Even though these muscles (otherwise known as the villain muscles) aren’t a part of the anterolateral abdominal wall they can’t be ignored. They’re important because of their active participation in trunk flexion or lateral flexion movements. Many coaches, trainers and avid lifters think that the action of the hip flexors (psoas major and minor, iliacus, sartorius, rectus femoris, and pectineus) during movements such as sit-ups should be eliminated or restrained. Continued attempts to emphasize the “isolation” of the abdominal musculature and reduce the activation of the hip flexors are usually done in vain. Many times, it’s been said that the hip flexors are the dominant muscle when it comes to abdominal work.

It has been well established that synergistic co-activation of multiple muscles works in the attempt to create a smooth working pattern. What is seemingly forgotten is that the hip flexors can work statically to stabilize an erect posture by indirectly supporting the vertebral column and directly supporting the pelvis. Therefore, the close and dearly held belief that the hip flexors activation should be minimized is not entirely true at all.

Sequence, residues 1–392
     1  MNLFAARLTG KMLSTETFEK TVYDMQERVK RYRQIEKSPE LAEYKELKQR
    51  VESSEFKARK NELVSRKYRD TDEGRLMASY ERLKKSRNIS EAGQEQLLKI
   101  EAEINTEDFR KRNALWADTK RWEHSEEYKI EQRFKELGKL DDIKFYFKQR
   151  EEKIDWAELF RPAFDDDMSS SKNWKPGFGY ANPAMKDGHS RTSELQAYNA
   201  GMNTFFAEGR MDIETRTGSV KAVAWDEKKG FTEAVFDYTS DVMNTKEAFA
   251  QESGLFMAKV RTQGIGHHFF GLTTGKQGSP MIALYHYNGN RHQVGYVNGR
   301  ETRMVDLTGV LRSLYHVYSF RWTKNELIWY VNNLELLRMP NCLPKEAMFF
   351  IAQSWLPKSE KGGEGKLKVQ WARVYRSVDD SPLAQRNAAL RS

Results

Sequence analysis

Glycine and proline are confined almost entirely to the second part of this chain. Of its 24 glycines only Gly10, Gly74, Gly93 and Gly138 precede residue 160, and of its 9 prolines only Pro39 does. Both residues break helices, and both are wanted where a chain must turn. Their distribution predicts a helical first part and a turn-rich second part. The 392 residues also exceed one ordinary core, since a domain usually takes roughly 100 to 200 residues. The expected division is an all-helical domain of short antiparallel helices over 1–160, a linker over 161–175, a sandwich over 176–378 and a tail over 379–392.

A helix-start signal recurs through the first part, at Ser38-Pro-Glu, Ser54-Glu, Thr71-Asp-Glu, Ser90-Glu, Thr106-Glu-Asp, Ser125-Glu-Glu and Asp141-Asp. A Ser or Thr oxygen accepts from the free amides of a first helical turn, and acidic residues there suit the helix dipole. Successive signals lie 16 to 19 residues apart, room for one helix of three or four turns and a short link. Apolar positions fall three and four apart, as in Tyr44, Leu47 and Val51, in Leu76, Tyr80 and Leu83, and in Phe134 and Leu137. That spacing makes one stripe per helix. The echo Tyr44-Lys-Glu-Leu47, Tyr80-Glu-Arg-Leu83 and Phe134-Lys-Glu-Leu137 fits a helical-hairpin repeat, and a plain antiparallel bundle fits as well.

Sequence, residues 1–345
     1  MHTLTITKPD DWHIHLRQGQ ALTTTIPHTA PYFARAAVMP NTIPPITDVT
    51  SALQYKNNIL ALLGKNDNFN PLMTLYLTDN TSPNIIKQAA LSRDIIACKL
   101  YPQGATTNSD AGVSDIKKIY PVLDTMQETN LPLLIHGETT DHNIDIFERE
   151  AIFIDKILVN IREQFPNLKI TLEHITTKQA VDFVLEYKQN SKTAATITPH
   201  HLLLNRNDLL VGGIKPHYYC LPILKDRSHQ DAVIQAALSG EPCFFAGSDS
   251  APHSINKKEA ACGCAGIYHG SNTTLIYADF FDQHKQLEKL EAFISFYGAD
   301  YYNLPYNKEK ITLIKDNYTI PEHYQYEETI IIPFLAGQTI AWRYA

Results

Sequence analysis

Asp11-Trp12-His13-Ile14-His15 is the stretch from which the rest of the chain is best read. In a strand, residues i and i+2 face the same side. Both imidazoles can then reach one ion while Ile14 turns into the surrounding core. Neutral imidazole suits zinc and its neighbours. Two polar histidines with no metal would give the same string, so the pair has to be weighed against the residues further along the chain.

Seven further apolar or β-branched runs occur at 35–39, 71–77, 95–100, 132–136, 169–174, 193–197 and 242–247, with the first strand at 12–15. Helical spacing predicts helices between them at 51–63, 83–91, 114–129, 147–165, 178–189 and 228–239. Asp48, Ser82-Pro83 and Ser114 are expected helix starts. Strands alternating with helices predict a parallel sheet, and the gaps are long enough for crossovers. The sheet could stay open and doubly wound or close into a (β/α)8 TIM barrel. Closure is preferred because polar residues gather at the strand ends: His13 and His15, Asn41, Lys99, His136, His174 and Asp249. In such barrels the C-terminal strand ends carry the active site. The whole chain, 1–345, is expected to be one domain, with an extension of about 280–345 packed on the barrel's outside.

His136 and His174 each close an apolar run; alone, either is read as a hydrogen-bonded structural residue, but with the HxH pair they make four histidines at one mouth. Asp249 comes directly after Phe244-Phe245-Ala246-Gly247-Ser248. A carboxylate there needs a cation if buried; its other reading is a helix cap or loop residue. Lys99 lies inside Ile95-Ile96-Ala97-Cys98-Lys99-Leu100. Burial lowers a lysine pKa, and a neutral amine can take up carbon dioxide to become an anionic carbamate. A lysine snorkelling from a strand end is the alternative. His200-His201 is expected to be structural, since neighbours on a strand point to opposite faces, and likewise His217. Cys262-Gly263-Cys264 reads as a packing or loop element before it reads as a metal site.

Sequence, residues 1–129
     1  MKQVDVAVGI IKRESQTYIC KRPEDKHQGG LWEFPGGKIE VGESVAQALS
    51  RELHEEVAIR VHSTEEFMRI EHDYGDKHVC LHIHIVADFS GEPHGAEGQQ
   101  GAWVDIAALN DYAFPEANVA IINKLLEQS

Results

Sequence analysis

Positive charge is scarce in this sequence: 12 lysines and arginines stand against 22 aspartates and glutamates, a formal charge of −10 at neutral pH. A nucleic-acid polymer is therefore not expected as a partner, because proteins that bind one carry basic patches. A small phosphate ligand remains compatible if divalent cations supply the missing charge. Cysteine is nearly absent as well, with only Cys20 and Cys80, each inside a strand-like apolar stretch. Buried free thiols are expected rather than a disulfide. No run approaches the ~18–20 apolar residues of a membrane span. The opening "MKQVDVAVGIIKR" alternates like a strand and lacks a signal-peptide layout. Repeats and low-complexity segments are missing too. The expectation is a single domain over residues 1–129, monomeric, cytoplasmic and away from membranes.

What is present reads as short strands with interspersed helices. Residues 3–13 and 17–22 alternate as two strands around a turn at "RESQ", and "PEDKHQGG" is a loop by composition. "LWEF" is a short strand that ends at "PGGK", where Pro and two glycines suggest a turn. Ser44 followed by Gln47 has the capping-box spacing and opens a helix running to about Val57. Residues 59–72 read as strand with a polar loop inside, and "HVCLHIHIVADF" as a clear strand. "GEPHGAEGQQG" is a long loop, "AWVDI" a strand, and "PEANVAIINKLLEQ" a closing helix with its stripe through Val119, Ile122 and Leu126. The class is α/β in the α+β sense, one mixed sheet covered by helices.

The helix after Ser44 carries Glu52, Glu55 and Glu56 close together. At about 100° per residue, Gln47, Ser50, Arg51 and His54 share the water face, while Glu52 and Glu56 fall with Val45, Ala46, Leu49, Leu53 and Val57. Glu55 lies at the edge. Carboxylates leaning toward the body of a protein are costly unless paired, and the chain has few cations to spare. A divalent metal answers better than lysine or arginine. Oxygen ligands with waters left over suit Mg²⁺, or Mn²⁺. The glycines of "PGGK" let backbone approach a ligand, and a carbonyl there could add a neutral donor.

Transversus Abdominis

The transverses abdominis fibers are the deepest of the abdominal wall. This muscle plays a very small role, if any at all, when it comes to traditional-style abdominal movements. Its function for those who don’t suffer from back pain is to compress the abdominal contents as well as to act as a belt supporting the spine (in conjunction with other muscles (5)) during various movements. Even though the transverse abdominis hasn’t been mentioned, this muscle will be involved in each exercise. Before the grumbling starts, it should be noted that the transverse abdominis in a lifter that is firing properly doesn’t need to be trained. There is no scientific evidence indicating that a healthy person whose deep abdominals are functioning properly should train them. Movements such as the Squat and the Dead lift (and the many variations of these exercises) will engage this muscle. On the other hand, people who suffer from back pain may have some success using some transverse exercises (6, 7).

Static/Quasi Isometric Abdominals

Day-to-day activities (sport, work, strength training) all require people to use this type of muscle action. On the surface isometric training may appear to be rather simplistic. Don’t be fooled since the actual concept is far broader a topic than most realize and it goes beyond the scope of this article. Isometric actions can be defined as a muscle action which occurs when there is no external (outside forces) or change in joint angle (8).